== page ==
Among a range of important drone programs to be introduced in Canada since the start of this year, two recent initiative are set to foster the adoption of Remotely Pilot Aerial Systems (RPAS) in the country. This includes the NAV Drone app introduced by NAV Canada at the start of June and, in May, the introduction of a robust new drone pilot membership program by the Canadian Owners and Pilots Association (COPA), which already holds by far the largest membership base in Canadian aviation at more than 15,000 people.
The drone or RPAS community in Canada has grown significantly over the past few years. Borrowing statistics gleaned by contributor Phil Lightstone, there were 59,242 registered drones in Canada as of April 30, 2021, and 54,047 basic drone pilot certificate holders, as well as 5,406 advanced operations pilot certificate holders. As of January 2021, there were 1,782,479 drones registered in the U.S., reports Lightstone, who quotes an executive from Altohelix estimating that the annual sales of unregistered drones in Canada to be around $40 million.
In releasing the NAV Drone app, NAV Canada adds more intrigue to the growth of drones in the country, noting that from June to December 2020, it received nearly 16,000 RPAS flight authorization requests, a 54 per cent increase over the same period in 2019. The not-for-profit company, which provides air traffic control, airport advisory services, weather briefings and aeronautical information services for more than 18 million square kilometres of Canadian domestic and international airspace, says it expects this trend to continue as a growing number of companies and individuals find new uses for drones in Canada, outlining a need to ensure safe operation for all types of aircraft in the country’s airspace. This is a key function of the NAV Drone app (with a Web-based browser version also available), which is designed to help drone pilots and operators safely and legally fly their remote aerial systems in Canada. NAV Drone is part of NAV Canada’s national strategy for air traffic safety and technological innovation in Canadian airspace.
NAV Drone allows users to submit drone flight authorization requests from a mobile device. To this end, NAV Drone is the only app that can provide drone pilots and operators with permission to fly in NAV Canada controlled airspace. Its interface allows users to visualize where basic and advanced drone pilots can fly and to also update and manage flights.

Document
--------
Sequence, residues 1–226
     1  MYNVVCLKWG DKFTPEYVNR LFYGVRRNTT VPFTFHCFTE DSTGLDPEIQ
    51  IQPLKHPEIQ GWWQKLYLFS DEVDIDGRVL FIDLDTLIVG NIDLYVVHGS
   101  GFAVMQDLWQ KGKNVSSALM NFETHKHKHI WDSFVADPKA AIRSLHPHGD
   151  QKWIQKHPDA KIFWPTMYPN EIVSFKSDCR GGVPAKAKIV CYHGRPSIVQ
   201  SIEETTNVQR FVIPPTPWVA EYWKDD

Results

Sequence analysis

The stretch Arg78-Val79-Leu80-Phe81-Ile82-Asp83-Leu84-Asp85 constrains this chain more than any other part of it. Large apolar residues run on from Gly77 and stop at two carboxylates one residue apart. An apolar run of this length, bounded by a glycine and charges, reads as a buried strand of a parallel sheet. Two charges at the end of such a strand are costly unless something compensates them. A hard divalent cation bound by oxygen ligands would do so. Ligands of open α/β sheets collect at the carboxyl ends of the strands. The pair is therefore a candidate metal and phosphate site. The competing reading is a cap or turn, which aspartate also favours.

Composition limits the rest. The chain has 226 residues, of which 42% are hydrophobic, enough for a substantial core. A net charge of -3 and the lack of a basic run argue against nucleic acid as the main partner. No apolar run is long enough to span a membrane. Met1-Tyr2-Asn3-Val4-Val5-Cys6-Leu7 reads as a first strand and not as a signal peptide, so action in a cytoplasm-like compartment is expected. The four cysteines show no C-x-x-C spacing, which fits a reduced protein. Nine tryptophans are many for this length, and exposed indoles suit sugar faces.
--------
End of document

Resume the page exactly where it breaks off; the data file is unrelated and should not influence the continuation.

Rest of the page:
Aiming to bridge the gap between traditional and remote aviation, COPA on May 14 introduced new membership options to include Canada’s growing drone pilot community, noting how the technology is transforming Canada’s economy through a range of missions like disaster management, search and rescue, infrastructure, photography and imaging and product delivery, in addition to recreational use. COPA’s membership program includes insurance options, regulatory support and future plans for RPAS scholarships for both new pilots and professionals transitioning out of traditional aviation roles.
Transport Canada is also building more RPAS framework, including its recent unveiling of proposed fees for both low-risk drone operations beyond visual line of sight and for operations within visual line of sight with heavier drones. In early May, Transport launched a new advisory committee called the Canadian Drone Advisory Committee (CanaDAC) to serve as a national forum for a range of RPAS industry stakeholders to provide input and ultimately inform priority policy and regulatory areas of focus.
This new committee will convene for at least two years and bring together up to 35 leaders and subject matter experts, explains Transport Canada, from a range of sectors with ties to the drone sector. Membership for the committee was determined through an internal nomination process based on its need to ensure overall objectives of diversity and representation are met, including economic, environmental and social impacts.